“The designers were so empowered by this color that it just made sense,” she added.
Locals appear happy with the results. Septuagenarian Mr. Kong, who only gave his surname, says he likes the park’s new layout. A resident in this neighborhood for decades, he visits daily and says it is cleaner than before. Meanwhile Peter, who is in his sixties and eats his lunch in the park most days, says he’s grateful that people have access to this kind of space outside their homes.
Short on space
Bringing new ideas on how to design public spaces can be challenging. Some examples Yiu points to found throughout the city — such as benches and chairs with barriers, or at sloping angles — can actually discourage people from lounging or relaxing, adding that it has taken time to convince planners to embrace more flexible spaces, such as benches without barriers, or moveable furniture.
And the teams are constantly learning from how the parks are being used, and adapting their current and future designs accordingly. For example, at Portland Street, tables and chairs have suffered from chipped paint. Now, Design Trust is exploring more resilient paint and coating materials. “These are the things that you can’t do without testing, and trial and error,” said Yiu.
The Design Trust isn’t the only organization getting creative with Hong Kong’s limited space. In May 2022, the city’s first rooftop skatepark opened at H.A.N.D.S shopping mall in Tuen Mun, joining the existing rooftop basketball court designed by One Bite Studio. Other basketball courts across the city have been decorated with colorful designs too, including Shek Lei Grind Court which used 20,000 pairs of recycled Nike sneakers for its rubber surface.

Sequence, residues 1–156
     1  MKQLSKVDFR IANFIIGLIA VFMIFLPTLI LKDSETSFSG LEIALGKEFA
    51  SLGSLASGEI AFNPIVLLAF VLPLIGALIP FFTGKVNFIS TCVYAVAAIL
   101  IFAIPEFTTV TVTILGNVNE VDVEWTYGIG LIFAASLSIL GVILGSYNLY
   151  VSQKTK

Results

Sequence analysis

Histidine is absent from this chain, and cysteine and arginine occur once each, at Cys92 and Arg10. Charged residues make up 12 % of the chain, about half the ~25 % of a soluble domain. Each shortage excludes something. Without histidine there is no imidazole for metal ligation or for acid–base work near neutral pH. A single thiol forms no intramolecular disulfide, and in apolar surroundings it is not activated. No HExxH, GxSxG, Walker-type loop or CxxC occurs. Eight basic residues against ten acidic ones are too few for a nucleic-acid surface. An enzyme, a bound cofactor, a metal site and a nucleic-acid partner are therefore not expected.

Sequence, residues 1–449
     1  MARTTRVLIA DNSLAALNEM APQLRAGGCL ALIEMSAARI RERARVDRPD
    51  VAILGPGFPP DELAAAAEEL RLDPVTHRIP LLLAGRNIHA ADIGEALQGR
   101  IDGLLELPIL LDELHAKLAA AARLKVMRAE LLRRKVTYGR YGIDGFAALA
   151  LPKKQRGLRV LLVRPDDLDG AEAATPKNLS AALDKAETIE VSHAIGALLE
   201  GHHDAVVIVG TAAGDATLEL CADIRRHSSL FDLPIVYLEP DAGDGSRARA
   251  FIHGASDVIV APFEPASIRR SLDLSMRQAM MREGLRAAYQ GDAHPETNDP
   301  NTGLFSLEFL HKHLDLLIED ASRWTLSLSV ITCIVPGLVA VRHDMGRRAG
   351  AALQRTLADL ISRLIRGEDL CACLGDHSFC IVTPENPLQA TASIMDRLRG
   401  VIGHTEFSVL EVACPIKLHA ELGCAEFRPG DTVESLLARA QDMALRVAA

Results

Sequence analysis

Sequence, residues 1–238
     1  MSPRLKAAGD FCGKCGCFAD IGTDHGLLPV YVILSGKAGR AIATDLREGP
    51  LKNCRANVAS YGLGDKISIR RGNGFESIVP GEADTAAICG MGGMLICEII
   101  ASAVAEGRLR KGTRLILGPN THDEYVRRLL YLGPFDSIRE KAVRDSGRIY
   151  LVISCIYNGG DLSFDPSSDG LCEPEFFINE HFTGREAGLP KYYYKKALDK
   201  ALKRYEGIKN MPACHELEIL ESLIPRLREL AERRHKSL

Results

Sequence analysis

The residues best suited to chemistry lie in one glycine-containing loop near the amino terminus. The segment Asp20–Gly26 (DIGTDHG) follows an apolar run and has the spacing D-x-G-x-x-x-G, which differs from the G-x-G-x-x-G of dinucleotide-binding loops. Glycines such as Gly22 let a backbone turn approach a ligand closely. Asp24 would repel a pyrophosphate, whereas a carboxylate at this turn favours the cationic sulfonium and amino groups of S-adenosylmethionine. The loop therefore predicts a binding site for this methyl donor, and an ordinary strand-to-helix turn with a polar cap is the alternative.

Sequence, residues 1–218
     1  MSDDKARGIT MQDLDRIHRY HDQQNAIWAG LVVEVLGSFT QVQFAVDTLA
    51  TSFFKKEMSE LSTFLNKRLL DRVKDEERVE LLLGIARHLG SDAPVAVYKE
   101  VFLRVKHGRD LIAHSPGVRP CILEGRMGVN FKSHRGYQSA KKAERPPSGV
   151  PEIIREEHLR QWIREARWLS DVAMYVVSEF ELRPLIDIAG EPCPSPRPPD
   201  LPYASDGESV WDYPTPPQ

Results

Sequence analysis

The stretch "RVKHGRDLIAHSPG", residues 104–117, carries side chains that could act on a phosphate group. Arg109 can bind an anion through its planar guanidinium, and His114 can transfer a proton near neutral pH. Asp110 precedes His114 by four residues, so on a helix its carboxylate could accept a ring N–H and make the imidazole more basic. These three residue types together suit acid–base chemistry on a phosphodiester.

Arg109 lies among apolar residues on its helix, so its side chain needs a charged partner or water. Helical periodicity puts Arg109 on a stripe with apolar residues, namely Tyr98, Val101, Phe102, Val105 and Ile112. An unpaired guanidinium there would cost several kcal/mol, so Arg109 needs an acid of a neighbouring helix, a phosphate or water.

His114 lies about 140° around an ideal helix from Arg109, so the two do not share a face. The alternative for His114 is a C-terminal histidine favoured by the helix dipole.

The government has green-lit the rejuvenation of a further 170 parks and playgrounds in a five-year project. While this won’t be in collaboration with HKDT, Yiu said that the micro park pilot has helped to “mobilize and accelerate” the new policy. A spokesperson from the LCSD said that innovative designs would make parks more attractive, and along with projects such as an inclusive playground built at Tuen Mun Park, the experience and design processes from the micro park pilot will help to “implement the transformation of public play spaces.”
Heritage through design
Design Trust’s third park, Hamilton Street in Yau Ma Tei, is set to open in October, while the fourth will open by the end of the year. The design team for Hamilton Park is commemorating the area’s rich history of craftsmanship.
Home to historic buildings and temples, the area has many “sifu,” or master craftspeople, whose businesses have survived generations. Design Trust identified local craftspeople to produce elements of the park, such as copper lighting fixtures, as well as signage made from the distinctive chopping boards seen at butchers around the city.
The preservation of an old banyan tree on the park’s edge is another nod to the past, while a large table in the center of the park serves as a focal point for the community to gather.
According to Yiu, the cost of each park is the same per square meter as the generic parks seen elsewhere around the city — except for Yi Pei Square, which received some extra funding.
She hopes that these prototype pocket parks will inspire cities to think more creatively about the design of public spaces and step away from the “cookie cutter formula.”
“We don’t want 20,000 pink parks,” Yiu said. “Design Trust is really looking at Hong Kong’s heritage, the challenges of a park’s context, but also health and wellbeing, and sustainable futures. Each park has a way to engage differently. It’s a cultural responsibility for everyone to be involved.”
The story has been updated to clarify Design Trust’s role in working with craftspeople at Hamilton Street Park.